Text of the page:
Background: IgE-mediated allergic reactions to bullfrog and edible frog have been reported. The implicated allergens have not been defined so far. The frog material and the patient's serum from a case of severe food-induced anaphylaxis were used to define the implicated allergen at the protein and DNA level. Methods: Immunoblotting techniques and N-terminal protein microsequencing were used to define the allergen recognized by the patient's serum. Back translation from the identified protein sequence was used to design degenerated primers to amplify the allergen's cDNA by polymerase chain reaction (PCR). We defined the nucleotide sequence of the allergen from the frog of Indonesian origin that was consumed by the patient, and the homologous cDNA from Rana esculenta. Results: Protein microsequencing revealed that the implicated frog allergen belonged to the parvalbumin family. cDNAs coding for α- and β-parvalbumin of R. esculenta and Rana species were cloned. Recombinant proteins were expressed in Escherichia coli. The patient's serum IgE antibodies recognized parvalbumin prepared from frog muscle and recombinant α-parvalbumin from R. species but not from R. esculenta. Recombinant β-parvalbumin was not recognized by the IgE antibodies. Conclusion: This work defines at the protein and DNA levels α-parvalbumin as the allergen implicated in a case of IgE-mediated anaphylaxis to frog muscle. It also shows that a protein belonging to the parvalbumin family is implicated in type I allergies outside the fish species.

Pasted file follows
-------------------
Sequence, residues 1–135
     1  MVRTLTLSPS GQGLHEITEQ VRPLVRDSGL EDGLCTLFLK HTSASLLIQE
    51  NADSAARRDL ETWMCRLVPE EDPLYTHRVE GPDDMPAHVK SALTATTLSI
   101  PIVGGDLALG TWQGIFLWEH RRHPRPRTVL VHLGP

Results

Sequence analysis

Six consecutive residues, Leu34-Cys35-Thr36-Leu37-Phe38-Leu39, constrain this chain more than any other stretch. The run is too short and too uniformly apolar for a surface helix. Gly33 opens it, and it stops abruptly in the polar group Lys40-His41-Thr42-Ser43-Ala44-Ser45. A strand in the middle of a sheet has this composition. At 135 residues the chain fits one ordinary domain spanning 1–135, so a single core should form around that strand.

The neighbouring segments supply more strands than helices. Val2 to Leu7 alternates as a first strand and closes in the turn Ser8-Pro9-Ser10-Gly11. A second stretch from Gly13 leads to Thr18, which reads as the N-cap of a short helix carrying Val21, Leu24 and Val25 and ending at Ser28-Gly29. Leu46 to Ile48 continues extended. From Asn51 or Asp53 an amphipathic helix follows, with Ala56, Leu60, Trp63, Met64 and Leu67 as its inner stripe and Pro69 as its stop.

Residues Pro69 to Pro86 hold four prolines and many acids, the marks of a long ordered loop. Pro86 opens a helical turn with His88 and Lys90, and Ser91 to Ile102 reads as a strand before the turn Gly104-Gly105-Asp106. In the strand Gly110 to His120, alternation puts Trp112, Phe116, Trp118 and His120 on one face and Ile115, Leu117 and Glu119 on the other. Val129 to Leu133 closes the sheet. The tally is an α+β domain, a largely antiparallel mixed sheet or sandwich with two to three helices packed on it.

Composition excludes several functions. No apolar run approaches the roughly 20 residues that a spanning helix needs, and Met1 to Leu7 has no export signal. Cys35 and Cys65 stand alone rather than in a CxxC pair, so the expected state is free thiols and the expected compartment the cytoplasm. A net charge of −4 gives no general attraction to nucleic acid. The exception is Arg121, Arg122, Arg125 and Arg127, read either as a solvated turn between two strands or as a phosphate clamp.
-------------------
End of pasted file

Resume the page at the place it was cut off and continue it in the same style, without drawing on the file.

|Number of pages||6|
|Journal||Allergy: European Journal of Allergy and Clinical Immunology|
|Publication status||Published - 1 Nov 2002|
- Angiotensin-converting enzyme inhibitor
- Food allergy
- Rana esculenta